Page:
Note that, tax consolidated groups and MEC groups are not eligible to apply the loss carry back rules in respect of losses that have been brought into the group by an entity joining the group.   

Bringing forward personal tax cuts to 1 July 2020

The Act bringing forward Stage 2 of the Personal Income Tax Plan, originally proposed to take effect from 1 July 2022, will now apply from 1 July 2020 i.e. in this year. From 1 July 2020, the top threshold of the 19% personal income tax bracket has been increased from $37,000 to $45,000. The top threshold of the 32.5% tax bracket has also been increased from $90,000 to $120,000. The Act also brings forward to 2020-21 the increase in the low income tax offset (up to $700). The low and middle income tax offset (up to $1,080) are retained for 2020-21.

Note that the Stage 3 tax cuts are still legislated to apply from 1 July 2024 and will see only 3 personal tax rates - 19%, 30% (from $45,000) and 45% (above $200,000)). The start date of 1 July 2024 is unchanged.

Expanding access to small business tax concessions

New measures have been introduced which increase the aggregated turnover threshold for certain small businesses entity (SBE) concessions from $10 million to $50 million. This measure will allow more entities including medium business entities to gain access to more SBE concessions.

From 1 July 2020

Eligible entities will be able to access the following concessions:

  • an immediate deduction for certain prepaid expenses; and
  • an immediate deduction for certain start-up expenses.

From 1 April 2021

Eligible entities will be able to access the following concessions:

  • a fringe benefits tax exemption in relation to small business car parking; and
  • a fringe benefits tax exemption in relation to the provision of multiple work-related portable electronic devices.

From 1 July 2021

Eligible entities will be able to access the following concessions:

  • a simplified accounting method for the purposes of GST, if determined by the Commissioner;
  • the ability to defer excise-equivalent customs duty to a monthly reporting cycle;
  • the ability to defer excise duty to a monthly reporting cycle;
  • a two year amendment period in respect of amendments to income tax assessments;
  • the simplified trading stock rules; and
  • the ability to pay PAYG instalments based on GDP-adjusted notional tax.

Note that these changes, unlike the carry back loss rules, do not have an end date.

R&D tax incentives

The legislative changes will provide certainty to businesses as to the level of support they can receive from the Federal Government in investing in R&D.

New R&D measures

The key R&D changes, which take effect from income years commencing on or after 1 July 2021, include:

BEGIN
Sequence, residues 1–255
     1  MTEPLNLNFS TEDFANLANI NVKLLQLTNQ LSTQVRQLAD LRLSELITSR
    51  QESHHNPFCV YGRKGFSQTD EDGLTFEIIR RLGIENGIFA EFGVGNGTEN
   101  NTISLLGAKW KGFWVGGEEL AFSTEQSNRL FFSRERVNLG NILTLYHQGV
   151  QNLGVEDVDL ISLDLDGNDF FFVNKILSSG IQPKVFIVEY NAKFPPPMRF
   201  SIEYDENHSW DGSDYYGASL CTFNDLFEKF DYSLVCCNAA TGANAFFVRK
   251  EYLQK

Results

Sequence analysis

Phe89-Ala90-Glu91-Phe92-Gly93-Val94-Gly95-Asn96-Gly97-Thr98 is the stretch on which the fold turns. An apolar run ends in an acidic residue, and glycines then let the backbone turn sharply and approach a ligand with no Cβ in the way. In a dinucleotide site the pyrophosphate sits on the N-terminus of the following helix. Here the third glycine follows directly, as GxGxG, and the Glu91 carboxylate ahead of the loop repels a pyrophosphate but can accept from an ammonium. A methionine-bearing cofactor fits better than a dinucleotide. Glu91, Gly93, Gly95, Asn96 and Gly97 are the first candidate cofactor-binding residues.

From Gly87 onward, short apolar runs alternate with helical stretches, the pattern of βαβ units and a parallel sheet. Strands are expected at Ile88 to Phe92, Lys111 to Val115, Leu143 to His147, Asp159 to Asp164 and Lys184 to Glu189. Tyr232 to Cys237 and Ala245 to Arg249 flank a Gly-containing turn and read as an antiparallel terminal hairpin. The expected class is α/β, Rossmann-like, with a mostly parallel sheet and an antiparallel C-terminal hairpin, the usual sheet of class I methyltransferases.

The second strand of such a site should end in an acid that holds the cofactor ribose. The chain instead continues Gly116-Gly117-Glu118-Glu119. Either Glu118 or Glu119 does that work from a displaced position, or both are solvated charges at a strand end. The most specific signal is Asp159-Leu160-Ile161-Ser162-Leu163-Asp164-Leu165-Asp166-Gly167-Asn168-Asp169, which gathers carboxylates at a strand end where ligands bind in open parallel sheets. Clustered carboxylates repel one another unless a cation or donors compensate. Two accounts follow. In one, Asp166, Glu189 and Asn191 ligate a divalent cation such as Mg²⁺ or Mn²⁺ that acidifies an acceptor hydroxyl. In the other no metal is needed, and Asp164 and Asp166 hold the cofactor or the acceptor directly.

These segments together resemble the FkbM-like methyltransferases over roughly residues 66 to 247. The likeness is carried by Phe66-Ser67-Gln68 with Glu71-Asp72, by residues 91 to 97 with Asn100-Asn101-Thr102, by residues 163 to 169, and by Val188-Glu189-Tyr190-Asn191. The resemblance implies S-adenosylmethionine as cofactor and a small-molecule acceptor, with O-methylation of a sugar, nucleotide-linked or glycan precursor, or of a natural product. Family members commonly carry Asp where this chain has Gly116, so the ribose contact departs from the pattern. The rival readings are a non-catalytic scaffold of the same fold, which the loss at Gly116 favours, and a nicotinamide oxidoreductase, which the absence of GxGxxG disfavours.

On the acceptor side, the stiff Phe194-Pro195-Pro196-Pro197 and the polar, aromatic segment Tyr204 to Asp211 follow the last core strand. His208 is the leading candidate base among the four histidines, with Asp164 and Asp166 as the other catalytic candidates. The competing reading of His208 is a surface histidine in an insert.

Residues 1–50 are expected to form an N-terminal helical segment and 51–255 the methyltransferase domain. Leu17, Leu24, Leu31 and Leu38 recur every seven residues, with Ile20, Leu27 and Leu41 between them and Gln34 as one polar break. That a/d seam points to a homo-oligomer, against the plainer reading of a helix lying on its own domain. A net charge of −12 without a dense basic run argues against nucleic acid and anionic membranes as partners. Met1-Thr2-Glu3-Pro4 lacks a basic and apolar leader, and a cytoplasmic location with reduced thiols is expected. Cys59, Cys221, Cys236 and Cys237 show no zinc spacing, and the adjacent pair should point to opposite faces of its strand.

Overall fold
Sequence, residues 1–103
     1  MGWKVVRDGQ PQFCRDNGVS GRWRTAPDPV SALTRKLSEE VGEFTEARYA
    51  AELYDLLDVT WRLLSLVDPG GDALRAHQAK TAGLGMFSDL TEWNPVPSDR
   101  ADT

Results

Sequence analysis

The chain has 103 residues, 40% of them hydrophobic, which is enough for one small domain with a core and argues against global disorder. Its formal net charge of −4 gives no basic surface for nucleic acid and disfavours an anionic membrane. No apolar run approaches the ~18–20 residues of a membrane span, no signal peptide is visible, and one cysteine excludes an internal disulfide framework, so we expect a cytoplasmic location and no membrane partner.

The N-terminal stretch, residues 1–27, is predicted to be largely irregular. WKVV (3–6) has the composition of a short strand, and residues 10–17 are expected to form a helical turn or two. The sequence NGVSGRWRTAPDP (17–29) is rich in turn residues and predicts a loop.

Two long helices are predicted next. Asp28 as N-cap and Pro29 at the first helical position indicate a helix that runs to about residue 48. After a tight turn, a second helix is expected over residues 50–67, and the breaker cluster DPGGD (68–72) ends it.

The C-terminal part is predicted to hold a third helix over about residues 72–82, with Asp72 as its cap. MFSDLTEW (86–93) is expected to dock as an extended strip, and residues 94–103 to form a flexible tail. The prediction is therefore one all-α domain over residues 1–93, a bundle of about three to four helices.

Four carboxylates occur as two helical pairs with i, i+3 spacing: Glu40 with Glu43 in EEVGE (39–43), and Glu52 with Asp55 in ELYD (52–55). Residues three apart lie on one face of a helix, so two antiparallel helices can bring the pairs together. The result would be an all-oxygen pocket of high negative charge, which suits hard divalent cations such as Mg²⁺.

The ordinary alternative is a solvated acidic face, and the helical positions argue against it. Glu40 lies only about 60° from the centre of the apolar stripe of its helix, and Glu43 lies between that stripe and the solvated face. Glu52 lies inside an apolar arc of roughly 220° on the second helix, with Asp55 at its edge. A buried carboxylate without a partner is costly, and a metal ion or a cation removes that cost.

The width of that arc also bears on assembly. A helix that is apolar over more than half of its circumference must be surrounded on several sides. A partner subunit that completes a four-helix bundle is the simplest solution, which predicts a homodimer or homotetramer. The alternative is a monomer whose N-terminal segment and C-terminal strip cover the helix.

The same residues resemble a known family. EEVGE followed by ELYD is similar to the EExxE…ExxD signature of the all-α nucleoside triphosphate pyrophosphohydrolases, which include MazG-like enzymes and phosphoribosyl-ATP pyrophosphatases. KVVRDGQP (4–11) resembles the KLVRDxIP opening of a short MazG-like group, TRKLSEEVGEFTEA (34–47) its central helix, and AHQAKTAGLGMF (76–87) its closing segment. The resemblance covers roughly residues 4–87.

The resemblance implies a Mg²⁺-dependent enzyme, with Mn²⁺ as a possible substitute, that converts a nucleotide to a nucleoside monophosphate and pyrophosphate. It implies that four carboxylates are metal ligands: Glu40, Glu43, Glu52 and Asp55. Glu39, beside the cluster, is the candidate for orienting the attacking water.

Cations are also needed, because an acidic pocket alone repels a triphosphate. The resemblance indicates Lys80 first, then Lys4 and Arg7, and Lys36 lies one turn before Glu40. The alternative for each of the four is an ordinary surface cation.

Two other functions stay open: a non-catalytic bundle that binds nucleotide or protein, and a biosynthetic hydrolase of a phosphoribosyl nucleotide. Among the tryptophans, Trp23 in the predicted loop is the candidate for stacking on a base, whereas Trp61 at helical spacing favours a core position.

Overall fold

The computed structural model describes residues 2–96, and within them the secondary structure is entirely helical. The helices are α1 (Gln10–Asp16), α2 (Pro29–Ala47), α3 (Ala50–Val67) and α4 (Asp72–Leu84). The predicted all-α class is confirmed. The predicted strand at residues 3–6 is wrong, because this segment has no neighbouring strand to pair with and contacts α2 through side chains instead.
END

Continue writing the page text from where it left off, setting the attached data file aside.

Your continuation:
• for an R&D entity with aggregated turnover of less than $20 million for an income year  - providing a refundable tax offset equal to the entity's corporate tax rate plus 18.5%. This compares with the currently legislated rate of 43.5% (17.5% above the corporate tax rate for the 2021 financial year) and the 2019 Bill rate of the corporate tax rate plus 13.5%. The corporate tax rate for R&D entities in this category will be 25% from 1 July 2021.  This means the effective offset rate of 43.5% will be retained; and
  • for an R&D entity with aggregated turnover of $20 million or more – provide a premium tax offset equal to the entity's corporate tax rate plus a percentage determined by reference to the entity's R&D intensity (see below).  This compares with the current legislated rate of 38.5% for the non-refundable R&D tax offset.

R&D intensity premiums

R&D entities with aggregated turnover of $20 million or more for an income year are entitled to an R&D tax offset equal to their corporate tax rate plus marginal intensity premiums determined with reference to the R&D intensity of their R&D expenditure on an incremental basis. Incremental intensity is calculated as eligible R&D expenditure as a percentage of total expenses, ie R&D intensity = notional deductions /total expenses as per the table below.

Tier

R&D intensity range

 

Intensity premium

1

Notional R&D deductions representing up to and

including 2 per cent of total expenses

 

8.5%

2

Notional R&D deductions representing greater than 2 per cent of total expenses

 

16.5%

Other measures include:

  • increasing the $100 million annual R&D expenditure threshold to $150 million (R&D offset for expenditure above this threshold is limited to the company’s tax rate); 
  • making the $150 million threshold a permanent feature of the law by removing the sunsetting of the threshold, which was previously legislated to cease from 1 July 2024;
  • removing the ability for companies under $20 million annual turnover to receive an R&D tax benefit where they have received Government grants or on feedstock adjustments or balancing adjustments.